Why Capitalism is Good For Your Genitals

Adam Smith

There's a joke about the invisible hand of the market in here somewhere, but I'm too lazy to find it.

Whether or not you believe that Female Sexual Dysfunction is a real condition, or one invented by pharmaceutical companies to manufacture a disease and reap the benefits, it is undeniable that many women have trouble reliably achieving orgasm during intercourse. And some women can’t even have orgasms from masturbation, while others think masturbation is wrong, so they don’t even try. Something needs to be done about women’s orgasm deficit, and a commercial solution appears to be the only workable way. While non-profits are doing their best to improve women’s sex lives by promoting sex-positive lifestyles , they are underfunded and too obscure to make a real change in the functioning of vaginas across Americas. Universities tend to shy away from this type of research, because politically it’s safer to study sexual diseases than it is to study sexual pleasure. Consequently, there’s no wing of the University of Chicago Medical School dedicated to studying the clitoris, nor do doctors specialize in the field of bringing women sexual pleasure.  Academia is usually conservative and bureaucratic, and simply studying the history of sex toys raises eyebrows, let alone studying sexual pleasure. Although, research universities have done some work on women’s sexual pleasure—discovering in a study that heterosexual women are indiscriminate in their appreciation of pornography, getting  turned on by straight sex, gay sex, and monkey sex alike—it’s unlikely that any breakthrough discoveries about the female orgasm will occur there.

That’s why the cure for women’s sexual problems has been most strongly pursued by commercial interests: from the patent-medicine companies of the 19th and early 20th century that promoted cocaine-filled concoctions to solve female troubles to the pharmaceutical industry and sex-toy companies of the 21st century.  Obviously this system is imperfect, but it’s all we’ve got, so we should heartily support it. That’s why glum feminists like Leonore Tiefer really bother me. She created something called the New View Campaign that rails against drug companies who try to improve women’s sex lives. Its slogan is “Sex for our pleasure or their profit?” I don’t think it’s an either/or question, nor are the two diametrically opposed, but Tiefer clearly believes otherwise. She argues that the American Psychiatric Association’s Diagnostic and Statistic Manual of Disorders (DSM) has been defining Female Sexual Dysfunction (FSD) in a reductionist way, reducing women’s sexuality to their vaginas, while ignoring the psychological aspects of female arousal and the wide variety of ways that women experience sexual pleasure. Of course their approach is reductionist, because the only way to diagnose a disorder is to have some sort of criteria for it. But she believes that it is this approach that has led drug companies to attempt to capitalize off of FSD by focusing on a narrow goal of increasing physical arousal, a practice that she finds upsetting. She proposes instead that we should:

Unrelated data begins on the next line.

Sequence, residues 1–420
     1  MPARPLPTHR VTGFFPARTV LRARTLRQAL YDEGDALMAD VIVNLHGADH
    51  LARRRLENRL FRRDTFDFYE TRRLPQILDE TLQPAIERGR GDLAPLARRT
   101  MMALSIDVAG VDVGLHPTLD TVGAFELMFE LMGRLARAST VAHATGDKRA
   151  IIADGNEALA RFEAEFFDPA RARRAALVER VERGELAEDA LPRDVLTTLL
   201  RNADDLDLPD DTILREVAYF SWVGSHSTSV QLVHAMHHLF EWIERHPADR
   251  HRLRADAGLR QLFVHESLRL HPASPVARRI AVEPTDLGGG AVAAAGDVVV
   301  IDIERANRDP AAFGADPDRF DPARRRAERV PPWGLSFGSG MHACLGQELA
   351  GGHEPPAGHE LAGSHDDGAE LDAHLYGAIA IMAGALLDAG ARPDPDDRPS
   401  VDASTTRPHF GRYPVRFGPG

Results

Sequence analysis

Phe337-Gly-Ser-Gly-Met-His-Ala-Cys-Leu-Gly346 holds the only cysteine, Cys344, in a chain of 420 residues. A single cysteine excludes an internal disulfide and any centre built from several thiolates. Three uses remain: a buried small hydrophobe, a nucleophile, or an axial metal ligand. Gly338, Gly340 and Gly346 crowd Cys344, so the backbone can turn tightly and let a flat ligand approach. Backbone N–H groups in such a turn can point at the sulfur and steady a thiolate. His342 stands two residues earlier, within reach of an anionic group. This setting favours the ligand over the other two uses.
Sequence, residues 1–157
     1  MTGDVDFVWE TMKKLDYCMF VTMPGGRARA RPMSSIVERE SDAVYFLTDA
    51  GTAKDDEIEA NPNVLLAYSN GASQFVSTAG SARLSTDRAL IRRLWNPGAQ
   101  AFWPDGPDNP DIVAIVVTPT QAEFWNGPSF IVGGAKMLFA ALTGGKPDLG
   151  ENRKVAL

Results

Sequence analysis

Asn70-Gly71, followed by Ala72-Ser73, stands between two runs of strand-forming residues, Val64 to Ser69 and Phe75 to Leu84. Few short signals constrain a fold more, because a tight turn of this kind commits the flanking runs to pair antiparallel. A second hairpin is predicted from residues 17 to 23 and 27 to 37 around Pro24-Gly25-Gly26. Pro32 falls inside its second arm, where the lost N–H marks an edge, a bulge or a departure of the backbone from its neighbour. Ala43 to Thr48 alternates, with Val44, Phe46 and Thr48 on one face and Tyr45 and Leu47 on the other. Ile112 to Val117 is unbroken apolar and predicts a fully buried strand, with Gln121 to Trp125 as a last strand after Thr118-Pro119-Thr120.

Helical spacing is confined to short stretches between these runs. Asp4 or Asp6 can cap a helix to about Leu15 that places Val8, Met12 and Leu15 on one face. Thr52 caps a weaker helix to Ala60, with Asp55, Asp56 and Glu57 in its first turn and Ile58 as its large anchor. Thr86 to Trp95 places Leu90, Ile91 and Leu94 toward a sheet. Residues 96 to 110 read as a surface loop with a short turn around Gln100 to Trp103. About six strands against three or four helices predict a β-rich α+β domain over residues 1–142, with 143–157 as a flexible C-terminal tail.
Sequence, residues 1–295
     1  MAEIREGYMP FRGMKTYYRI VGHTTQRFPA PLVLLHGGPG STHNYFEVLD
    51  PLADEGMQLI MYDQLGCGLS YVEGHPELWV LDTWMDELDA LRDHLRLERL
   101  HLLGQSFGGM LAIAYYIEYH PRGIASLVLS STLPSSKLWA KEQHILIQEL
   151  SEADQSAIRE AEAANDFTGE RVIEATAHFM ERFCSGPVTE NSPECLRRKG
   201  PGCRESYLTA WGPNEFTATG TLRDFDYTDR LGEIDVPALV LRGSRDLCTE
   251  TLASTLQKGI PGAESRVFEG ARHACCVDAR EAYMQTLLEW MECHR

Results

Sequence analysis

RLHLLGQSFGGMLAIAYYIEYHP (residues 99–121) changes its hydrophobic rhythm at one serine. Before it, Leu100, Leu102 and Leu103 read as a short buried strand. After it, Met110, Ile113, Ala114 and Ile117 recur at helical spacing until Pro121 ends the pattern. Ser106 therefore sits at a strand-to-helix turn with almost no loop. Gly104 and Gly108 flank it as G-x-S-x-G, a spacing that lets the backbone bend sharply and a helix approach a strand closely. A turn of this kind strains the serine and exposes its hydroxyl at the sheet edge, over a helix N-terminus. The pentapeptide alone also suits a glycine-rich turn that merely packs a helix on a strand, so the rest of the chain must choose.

“resituate women’s sexuality within the political domain rather than the health-and-treatment domain. We believe that addressing issues of political equality, women’s emancipation and entitlement, sex education and health care access will lead to the prevention of many sexual problems.”

While I think that this is an admirable goal and would probably lead to improvements in third-world countries where women lack basic human rights, I don’t think this is the solution to sexual problems in the United States. In America, the only way a woman can obtain orgasms through a political route is if she receives cunnilingus from Bill Clinton.

The sex toy industry has been driven by profit, and it has brought pleasure to millions of women (and men) worldwide. A physician may have invented the vibrator, but it only became a widely available product, produced on a massive scale, because companies and investors believed they could make money from it. Advertising and marketing played a large role in the success of the vibrator in the early 20th century, so it should come as no surprise that commercial interests are leading the charge to discover a cure for women’s sexual problems in the 21st . There’s nothing morally wrong with accruing cash from powerful orgasm machines.  If we had been forced to wait for a large research university to develop and market a commercial sex-toy, we’d still be masturbating with Indonesian bottle gourds.

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